While I’m busy clearing I have every other distraction switched off, no phone, no Facebook, twitter – nothing else. I even turn the radio off, which is rare for me.
2. To do list and rules
- I set up an action list of where everything is going to go.
- I set up my own rules of what I’m going to do with the e-mails.
- I only open each email once
- I spend two minutes to make the decision and or reply.
- My replies are short paragraphs, if it warrants more I add it to my to do list and pop the e-mail in my actions folder.
- I bin it if it has no meaning.
- I never skip to the next one.
- If there is an attachment I save that in a folder and delete the email.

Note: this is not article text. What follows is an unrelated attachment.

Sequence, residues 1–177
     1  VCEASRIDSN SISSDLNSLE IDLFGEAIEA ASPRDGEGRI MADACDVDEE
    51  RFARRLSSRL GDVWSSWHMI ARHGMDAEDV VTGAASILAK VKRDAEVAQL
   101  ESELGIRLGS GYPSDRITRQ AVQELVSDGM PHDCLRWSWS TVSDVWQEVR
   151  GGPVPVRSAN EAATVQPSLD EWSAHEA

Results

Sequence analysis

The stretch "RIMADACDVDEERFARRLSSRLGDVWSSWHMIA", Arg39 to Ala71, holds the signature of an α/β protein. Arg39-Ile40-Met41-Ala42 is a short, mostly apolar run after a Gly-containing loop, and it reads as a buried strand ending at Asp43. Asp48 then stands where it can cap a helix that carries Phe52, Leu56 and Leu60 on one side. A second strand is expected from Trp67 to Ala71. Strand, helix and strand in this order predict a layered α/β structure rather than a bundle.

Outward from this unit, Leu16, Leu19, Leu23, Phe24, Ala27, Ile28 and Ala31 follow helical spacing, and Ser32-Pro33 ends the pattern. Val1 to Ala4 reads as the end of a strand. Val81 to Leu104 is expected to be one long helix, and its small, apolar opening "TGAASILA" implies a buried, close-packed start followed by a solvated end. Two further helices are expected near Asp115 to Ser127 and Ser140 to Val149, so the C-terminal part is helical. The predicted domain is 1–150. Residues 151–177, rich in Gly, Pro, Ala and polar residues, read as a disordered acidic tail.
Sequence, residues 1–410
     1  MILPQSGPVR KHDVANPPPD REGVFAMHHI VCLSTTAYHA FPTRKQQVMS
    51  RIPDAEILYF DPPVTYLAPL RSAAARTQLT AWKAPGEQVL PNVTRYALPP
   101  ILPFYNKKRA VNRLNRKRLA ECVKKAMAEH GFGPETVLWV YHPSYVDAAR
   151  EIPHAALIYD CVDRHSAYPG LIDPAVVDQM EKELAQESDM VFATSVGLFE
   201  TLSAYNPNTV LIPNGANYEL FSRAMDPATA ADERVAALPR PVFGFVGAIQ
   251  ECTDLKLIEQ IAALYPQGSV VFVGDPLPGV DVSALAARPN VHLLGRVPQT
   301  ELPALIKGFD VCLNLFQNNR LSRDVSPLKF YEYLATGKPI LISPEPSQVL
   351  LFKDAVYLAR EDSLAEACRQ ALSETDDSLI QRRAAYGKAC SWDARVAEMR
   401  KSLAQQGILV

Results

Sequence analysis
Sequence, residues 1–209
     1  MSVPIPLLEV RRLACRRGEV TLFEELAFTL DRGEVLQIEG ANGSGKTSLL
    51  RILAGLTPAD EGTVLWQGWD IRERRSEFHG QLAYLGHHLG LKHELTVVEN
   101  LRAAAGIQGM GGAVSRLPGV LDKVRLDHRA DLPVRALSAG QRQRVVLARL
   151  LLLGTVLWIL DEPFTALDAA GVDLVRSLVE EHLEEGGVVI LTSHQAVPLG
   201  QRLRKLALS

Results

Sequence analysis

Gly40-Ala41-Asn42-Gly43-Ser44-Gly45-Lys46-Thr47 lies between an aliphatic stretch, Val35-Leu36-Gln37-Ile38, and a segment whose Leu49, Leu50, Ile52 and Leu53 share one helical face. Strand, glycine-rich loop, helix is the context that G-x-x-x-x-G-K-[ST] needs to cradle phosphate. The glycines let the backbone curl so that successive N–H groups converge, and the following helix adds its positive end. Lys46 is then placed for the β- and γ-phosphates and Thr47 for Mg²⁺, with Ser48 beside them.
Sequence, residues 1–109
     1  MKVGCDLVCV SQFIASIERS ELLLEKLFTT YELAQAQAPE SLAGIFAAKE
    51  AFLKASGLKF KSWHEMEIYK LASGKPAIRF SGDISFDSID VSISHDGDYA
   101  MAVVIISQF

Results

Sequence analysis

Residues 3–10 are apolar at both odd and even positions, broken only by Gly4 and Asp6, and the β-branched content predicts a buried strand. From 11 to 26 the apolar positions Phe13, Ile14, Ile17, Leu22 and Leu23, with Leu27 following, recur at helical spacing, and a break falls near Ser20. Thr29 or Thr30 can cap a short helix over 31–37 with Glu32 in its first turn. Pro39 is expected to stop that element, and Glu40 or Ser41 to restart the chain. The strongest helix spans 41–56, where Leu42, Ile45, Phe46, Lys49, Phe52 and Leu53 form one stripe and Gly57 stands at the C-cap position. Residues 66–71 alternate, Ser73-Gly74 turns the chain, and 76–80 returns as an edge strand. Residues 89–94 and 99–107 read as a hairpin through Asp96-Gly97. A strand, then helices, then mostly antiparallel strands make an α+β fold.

3. Dive in at the top.
It’s easier to start at the most recent; you’ll get through these e-mails quicker.
4. Opt out.
Get rid of those pointless newsletters and mail outs. They take up space and you spend time checking them out or deleting them in the future. I’ve started to set up specific e-mail addresses for newsletters; I can then look at them when I want to. I also sign up to an RSS Feeds, so I try to avoid getting lots of junk e-mails.
5. Take a break.
It can be frustrating staring at a screen for far too long, take a tea break every 30 minutes. Also, don’t get up to make endless cups of tea, schedule the breaks as a reward.
So when are you going to schedule your email clutter cutter day?
As for our French cousins and the out of hours work texts, calls and e-mails I have a simple remedy – switch off.
This year I was privileged to be invited as the host of the Taste of Kent Awards 2014. For those of you who don’t know it is Kent’s biggest annual showcase for the food and drink industry.
Celebrating ten years at the very best awards in Kent.